**Distributed Component Comminution Model**

The general form of the comprehensive distributed component comminution model has been described as follows

d/dt(m(t)) = – [I – B]S m(t) = A m(t)…………………………………………..(1)

Where A is the fundamental matrix/state companion matrix or the so-called mill matrix in comminution literature. The reason being that A as a general real matrix may have complex eigen-values and complex eigenvectors but more importantly, there is no guarantee that a set of eigenvectors of A will turn out to be independent.

Unfortunately e1+u = el . eu is true only for scalars but not true for matrices i.e. eL + U ≠ eL . eU unless they commute. In other words eAt = e(L + U)t = eLt. eUt ⇔ LU = UL. Since this is not the case, this decomposition scheme must be replaced by a mathematically acceptable method known as the “splitting method” (Trotter, 1959). The splitting method uses the “Trotter product formula” to approximate eAt as follows:

Where:

L is strictly lower triangular matrix

U is strictly upper triangular matrix and m is a large number which is known as Trotter parameter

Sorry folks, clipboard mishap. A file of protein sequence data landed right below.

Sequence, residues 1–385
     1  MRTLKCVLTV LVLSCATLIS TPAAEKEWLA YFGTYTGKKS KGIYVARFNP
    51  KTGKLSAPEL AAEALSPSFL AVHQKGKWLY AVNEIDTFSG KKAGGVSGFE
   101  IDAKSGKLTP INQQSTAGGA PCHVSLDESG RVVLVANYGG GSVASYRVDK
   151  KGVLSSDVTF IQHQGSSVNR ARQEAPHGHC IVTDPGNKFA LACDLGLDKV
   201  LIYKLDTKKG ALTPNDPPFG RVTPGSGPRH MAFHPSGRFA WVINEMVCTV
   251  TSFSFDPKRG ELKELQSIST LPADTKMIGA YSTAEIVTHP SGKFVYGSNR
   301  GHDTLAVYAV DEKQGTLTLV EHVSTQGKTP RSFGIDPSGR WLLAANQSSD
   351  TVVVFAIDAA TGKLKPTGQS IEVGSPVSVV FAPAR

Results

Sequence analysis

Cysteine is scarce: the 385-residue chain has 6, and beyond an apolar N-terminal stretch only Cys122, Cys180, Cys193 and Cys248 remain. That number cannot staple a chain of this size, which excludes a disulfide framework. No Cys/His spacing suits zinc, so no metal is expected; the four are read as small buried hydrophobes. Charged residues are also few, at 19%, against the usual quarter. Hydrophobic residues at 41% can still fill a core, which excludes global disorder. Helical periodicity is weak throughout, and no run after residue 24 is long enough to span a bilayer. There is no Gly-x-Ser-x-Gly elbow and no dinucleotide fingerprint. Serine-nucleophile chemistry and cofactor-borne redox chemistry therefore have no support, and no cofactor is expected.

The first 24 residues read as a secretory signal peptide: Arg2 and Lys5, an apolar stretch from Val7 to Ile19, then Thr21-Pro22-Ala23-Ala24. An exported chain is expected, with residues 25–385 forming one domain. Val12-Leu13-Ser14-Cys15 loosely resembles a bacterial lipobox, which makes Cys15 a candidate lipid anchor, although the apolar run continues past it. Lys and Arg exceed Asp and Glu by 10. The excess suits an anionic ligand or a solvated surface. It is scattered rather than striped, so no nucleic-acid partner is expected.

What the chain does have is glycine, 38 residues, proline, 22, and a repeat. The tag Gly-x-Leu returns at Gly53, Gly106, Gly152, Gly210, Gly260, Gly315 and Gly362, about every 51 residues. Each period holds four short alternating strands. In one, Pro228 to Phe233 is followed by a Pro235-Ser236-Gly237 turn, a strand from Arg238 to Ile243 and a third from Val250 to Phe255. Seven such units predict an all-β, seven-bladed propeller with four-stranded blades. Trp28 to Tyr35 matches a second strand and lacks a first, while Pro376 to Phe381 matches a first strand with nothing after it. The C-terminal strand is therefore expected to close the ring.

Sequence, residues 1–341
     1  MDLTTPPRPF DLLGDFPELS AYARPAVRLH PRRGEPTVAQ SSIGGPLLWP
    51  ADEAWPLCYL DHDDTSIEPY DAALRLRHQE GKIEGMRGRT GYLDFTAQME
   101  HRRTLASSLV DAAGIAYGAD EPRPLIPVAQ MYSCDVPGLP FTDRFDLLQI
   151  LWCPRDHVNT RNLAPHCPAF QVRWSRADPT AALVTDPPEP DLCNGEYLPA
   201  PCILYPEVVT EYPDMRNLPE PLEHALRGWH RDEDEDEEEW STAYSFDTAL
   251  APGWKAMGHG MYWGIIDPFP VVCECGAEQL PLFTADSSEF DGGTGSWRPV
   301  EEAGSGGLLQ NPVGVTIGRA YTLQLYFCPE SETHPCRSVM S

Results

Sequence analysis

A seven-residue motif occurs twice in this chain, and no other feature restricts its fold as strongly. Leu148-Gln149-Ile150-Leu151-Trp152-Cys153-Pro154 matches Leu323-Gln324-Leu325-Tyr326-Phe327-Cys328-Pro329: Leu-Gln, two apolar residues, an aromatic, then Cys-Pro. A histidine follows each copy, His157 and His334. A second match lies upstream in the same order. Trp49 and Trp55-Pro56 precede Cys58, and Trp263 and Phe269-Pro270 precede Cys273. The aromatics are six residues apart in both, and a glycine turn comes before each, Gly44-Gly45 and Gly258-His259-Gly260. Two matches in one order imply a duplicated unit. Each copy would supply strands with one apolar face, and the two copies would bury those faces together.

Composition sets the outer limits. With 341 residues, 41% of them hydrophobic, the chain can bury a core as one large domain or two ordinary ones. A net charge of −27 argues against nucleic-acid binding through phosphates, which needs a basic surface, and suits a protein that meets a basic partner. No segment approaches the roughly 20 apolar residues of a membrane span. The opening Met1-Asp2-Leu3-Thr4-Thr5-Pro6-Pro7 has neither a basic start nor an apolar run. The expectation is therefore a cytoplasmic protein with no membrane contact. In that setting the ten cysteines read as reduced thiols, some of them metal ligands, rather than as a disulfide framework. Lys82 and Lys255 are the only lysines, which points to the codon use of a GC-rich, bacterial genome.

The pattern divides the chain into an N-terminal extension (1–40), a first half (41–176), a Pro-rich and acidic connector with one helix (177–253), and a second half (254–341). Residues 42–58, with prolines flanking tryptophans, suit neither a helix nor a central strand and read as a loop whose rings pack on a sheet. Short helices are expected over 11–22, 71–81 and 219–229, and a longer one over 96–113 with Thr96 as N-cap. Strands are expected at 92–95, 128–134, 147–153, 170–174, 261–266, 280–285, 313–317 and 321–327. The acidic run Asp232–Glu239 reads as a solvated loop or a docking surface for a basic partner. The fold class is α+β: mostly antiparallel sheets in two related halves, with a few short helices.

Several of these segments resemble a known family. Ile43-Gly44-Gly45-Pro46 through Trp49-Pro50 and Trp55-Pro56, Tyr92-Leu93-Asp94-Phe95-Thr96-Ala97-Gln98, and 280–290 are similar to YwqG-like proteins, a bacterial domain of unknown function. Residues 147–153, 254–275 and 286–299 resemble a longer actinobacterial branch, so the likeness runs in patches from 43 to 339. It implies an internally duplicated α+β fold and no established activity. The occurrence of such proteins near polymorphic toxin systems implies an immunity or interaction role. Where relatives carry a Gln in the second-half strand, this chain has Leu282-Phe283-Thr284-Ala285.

For a general splitting A = B + C the approximation is:

**Results and Discussion**

In order to demonstrate the validity of the computational procedure, an arbitrary real matrix having essentially the same characteristics as that of mill matrix A was chosen.

**Comparison of Old and New Methodology in Terms of Model Fitting**

The novelty of the new method was demonstrated by considering a simple case i.e. binary model having two composite classes. The two methods (old and new) were tried independently on the same data.

**Parameter Estimation Utilizing Model Solution Computed by The New Method**

A binary model with 2 composite classes was considered and estimation was carried out for S parameters. A set of true parameters (ideal) was used to simulate the multi-component system for t = 1, 2, and 4 minutes.